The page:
Back in 2009, when Alan Schaaf was a junior at Ohio University, he built the photo-sharing site Imgur for the Reddit community, debuting it on the social network as his "gift to Reddit." Fast forward five years, and Imgur is a profitable company and home to more than 650 million images. Though its photos can be seen across social networks, the startup hasn't forgotten its roots. On Thursday, Imgur announced it raised $40 million in a series-A round led by Andreessen Horowitz, with participation from Reddit.
"For the first time we have a formal relationship with [Reddit], so it will be exciting to start working on projects together that will have a positive impact on both communities," Schaaf told Fast Company. This marks Reddit's first investment to be made public. Reddit's senior vice president of strategic partnerships Ellen Pao says the company invested in another product partner recently, but the financing has not yet been announced.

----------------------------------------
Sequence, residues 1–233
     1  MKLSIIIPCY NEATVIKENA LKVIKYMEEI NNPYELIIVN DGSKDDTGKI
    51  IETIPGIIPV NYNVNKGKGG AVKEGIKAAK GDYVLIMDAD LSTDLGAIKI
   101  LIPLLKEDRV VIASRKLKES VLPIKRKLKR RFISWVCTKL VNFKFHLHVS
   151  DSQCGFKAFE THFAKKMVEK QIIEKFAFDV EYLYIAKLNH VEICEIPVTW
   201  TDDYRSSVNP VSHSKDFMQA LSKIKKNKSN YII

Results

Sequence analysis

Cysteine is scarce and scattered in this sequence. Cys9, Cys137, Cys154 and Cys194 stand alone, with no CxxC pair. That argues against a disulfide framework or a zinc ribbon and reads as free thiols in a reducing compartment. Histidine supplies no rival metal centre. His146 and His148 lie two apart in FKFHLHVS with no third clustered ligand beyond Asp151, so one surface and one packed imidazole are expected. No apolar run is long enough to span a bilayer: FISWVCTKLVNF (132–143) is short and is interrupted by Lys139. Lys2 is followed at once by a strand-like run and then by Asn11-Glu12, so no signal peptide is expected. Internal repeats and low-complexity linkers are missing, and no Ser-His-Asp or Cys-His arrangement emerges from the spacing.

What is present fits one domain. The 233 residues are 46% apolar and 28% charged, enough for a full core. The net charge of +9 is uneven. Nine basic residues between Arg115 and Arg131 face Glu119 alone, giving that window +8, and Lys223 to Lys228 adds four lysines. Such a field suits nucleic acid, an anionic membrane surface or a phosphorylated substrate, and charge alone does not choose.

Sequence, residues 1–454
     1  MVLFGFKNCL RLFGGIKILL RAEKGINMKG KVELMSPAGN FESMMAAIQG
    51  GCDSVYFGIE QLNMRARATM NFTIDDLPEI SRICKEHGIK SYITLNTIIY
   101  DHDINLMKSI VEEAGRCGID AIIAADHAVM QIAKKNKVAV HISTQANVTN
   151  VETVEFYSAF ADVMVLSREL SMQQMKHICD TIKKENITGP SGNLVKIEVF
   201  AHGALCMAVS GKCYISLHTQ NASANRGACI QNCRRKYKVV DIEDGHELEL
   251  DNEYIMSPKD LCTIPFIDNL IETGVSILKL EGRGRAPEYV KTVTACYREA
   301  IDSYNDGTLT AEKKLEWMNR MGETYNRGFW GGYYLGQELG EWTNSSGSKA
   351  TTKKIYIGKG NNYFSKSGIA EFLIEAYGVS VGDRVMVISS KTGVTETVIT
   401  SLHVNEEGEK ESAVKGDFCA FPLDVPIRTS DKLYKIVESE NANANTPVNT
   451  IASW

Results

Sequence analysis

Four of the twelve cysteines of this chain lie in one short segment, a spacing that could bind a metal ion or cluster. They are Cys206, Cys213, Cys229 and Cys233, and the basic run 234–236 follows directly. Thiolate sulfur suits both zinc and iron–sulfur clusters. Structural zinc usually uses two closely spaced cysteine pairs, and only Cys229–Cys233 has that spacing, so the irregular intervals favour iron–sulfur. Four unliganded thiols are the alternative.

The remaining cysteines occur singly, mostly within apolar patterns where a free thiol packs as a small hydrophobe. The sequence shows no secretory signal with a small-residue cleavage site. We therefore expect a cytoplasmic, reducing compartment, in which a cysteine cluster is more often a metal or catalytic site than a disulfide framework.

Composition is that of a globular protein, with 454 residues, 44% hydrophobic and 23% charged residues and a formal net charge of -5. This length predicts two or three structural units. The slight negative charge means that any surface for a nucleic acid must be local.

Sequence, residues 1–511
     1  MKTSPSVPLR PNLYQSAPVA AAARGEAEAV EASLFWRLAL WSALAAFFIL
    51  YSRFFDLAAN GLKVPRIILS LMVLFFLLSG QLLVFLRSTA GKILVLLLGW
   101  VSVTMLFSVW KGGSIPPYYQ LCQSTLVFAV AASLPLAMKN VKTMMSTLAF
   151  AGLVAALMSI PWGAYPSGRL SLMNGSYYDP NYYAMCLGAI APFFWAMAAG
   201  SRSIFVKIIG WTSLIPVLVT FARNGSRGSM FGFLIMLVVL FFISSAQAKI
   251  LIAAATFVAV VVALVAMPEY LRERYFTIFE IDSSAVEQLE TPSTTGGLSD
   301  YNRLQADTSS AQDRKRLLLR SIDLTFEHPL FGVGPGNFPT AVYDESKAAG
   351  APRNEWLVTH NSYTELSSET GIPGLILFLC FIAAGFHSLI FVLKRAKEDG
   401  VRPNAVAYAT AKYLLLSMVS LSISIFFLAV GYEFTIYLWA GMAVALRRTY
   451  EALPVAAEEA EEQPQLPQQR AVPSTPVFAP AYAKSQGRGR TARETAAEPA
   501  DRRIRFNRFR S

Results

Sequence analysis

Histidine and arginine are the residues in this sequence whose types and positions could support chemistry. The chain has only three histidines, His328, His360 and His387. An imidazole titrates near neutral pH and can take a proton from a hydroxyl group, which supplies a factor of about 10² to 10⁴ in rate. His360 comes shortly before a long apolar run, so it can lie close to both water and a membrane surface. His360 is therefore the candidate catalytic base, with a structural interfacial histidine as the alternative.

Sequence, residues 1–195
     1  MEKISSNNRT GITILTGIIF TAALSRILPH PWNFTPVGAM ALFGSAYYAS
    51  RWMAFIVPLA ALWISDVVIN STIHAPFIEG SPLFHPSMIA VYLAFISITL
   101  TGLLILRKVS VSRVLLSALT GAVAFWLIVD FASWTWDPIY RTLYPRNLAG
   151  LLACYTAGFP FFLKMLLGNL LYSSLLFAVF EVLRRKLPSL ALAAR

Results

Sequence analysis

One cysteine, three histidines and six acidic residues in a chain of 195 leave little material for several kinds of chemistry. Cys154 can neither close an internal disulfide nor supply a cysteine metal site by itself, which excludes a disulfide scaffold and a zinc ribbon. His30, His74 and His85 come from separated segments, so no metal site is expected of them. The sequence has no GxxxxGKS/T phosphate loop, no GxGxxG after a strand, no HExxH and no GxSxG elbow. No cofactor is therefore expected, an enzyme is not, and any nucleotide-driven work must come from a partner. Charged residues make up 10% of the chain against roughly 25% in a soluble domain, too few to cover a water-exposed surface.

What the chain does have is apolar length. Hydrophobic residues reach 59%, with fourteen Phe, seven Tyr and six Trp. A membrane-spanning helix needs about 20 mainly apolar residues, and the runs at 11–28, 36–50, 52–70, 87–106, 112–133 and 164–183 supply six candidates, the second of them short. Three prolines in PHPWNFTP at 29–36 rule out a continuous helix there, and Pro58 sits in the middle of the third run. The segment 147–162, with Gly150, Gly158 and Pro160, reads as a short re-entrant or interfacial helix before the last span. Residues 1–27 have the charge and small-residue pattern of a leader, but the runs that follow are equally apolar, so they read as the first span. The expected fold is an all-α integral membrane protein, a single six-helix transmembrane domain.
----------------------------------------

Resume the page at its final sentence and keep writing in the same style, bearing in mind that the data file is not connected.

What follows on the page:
As a profitable, bootstrapped company, San Francisco-based Imgur has thus far relied on advertising revenue. However, Schaaf said this round of fundraising will give Imgur the opportunity to work with Andreessen Horowitz and scale the company. As part of the deal, Lars Dalgaard, a general partner at the firm, will join Imgur's board. "We are looking forward to having their support as we look to scale and conquer the Internet," Schaaf said.
In January, Imgur launched an analytics tool for brands, advertisers, and individuals to measure the performance of images across various networks and websites over time—in essence, positioning the company as its own social platform.
[Image: Flickr user Orin Zebest]